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Echinocandins: production and applications

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Abstract

The first echinocandin-type antimycotic (echinocandin B) was discovered in the 1970s. It was followed by the isolation of more than 20 natural echinocandins. These cyclic lipo-hexapeptides are biosynthesized on non-ribosomal peptide synthase complexes by different ascomycota fungi. They have a unique mechanism of action; as non-competitive inhibitors of β-1,3-glucan synthase complex they target the fungal cell wall. Results of the structure–activity relationship experiments let us develop semisynthetic derivatives with improved properties. Three cyclic lipohiexapeptides (caspofungin, micafungin and anidulafungin) are currently approved for use in clinics. As they show good fungicidal (Candida spp.) or fungistatic (Aspergillus spp.) activity against the most important human pathogenic fungi including azole-resistant strains, they are an important addition to the antifungal armamentarium. Some evidence of acquired resistance against echinocandins has been detected among Candida glabrata strains in recent years, which enhanced the importance of data collected on the mechanism of acquired resistance developing against the echinocandins. In this review, we show the structural diversity of natural echinocandins, and we summarize the emerging data on their mode of action, biosynthesis and industrial production. Their clinical significance as well as the mechanism of natural and acquired resistance is also discussed.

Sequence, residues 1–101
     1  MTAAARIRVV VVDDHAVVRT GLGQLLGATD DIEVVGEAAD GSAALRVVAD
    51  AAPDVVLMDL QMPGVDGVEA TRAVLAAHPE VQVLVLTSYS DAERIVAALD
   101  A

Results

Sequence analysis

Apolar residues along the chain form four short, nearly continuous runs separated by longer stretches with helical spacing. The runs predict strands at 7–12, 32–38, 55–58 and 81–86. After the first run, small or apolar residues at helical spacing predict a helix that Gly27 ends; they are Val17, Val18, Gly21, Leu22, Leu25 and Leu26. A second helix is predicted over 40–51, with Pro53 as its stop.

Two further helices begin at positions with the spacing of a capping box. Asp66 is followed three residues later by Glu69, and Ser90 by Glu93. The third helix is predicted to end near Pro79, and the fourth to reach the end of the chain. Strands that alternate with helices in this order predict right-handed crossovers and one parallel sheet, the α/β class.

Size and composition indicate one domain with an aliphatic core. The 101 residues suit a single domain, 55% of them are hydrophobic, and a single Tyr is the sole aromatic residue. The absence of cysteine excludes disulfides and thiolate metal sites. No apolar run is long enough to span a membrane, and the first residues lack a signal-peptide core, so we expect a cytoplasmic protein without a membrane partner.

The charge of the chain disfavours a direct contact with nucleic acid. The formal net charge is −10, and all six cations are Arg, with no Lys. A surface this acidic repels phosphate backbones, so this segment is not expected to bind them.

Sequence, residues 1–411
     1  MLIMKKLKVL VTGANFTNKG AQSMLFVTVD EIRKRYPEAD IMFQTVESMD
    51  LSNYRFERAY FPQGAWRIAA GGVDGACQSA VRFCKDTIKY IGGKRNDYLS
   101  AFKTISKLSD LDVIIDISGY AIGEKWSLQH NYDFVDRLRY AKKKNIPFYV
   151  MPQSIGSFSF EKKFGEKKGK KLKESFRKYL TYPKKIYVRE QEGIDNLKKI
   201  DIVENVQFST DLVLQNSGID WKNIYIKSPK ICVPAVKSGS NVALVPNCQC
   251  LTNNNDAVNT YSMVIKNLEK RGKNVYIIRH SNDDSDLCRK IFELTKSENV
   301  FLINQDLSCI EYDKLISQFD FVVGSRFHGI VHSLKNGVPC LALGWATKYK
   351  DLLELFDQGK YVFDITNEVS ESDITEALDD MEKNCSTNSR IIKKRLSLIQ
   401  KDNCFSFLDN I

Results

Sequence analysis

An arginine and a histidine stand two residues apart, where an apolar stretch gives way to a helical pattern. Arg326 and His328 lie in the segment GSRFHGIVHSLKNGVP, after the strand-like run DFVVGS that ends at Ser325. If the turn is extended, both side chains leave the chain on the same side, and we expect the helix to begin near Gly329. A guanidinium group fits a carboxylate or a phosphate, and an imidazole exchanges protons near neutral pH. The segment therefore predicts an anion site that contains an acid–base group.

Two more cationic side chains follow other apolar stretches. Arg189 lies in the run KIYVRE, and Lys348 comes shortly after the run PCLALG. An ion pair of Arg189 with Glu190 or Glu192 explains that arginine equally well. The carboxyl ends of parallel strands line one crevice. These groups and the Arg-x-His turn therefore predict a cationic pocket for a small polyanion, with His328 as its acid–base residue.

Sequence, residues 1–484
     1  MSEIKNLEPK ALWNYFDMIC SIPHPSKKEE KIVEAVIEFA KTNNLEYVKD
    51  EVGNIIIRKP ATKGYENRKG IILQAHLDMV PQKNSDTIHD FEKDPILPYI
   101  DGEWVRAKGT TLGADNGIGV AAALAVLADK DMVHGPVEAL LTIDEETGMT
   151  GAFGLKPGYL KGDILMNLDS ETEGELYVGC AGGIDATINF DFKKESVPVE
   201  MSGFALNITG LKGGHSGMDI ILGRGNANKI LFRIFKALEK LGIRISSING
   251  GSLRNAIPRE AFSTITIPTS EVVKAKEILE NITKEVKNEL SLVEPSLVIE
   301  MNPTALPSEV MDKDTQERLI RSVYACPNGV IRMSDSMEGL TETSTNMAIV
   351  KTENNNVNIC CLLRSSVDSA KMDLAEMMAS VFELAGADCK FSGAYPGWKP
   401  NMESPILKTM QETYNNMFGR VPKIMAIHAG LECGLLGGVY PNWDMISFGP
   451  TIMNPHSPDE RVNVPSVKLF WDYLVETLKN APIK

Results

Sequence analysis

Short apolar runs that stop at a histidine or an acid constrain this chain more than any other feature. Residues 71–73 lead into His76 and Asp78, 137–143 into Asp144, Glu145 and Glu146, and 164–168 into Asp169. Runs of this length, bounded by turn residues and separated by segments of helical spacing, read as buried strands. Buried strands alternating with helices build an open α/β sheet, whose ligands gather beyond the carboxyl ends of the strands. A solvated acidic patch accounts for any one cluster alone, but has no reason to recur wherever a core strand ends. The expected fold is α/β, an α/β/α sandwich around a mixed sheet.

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Acknowledgments

This work was supported by the TAMOP 4.2.1/B-09/1/KONV-2010-0007, TAMOP-4.2.2/B-10/1-2010-0024 and TÁMOP-4.2.2.A-11/1/KONV-2012-0045 projects and was implemented through the New Hungary Development Plan, co-financed by the European Union and the European Social Fund.

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Emri, T., Majoros, L., Tóth, V. et al. Echinocandins: production and applications. Appl Microbiol Biotechnol 97, 3267–3284 (2013). https://doi.org/10.1007/s00253-013-4761-9

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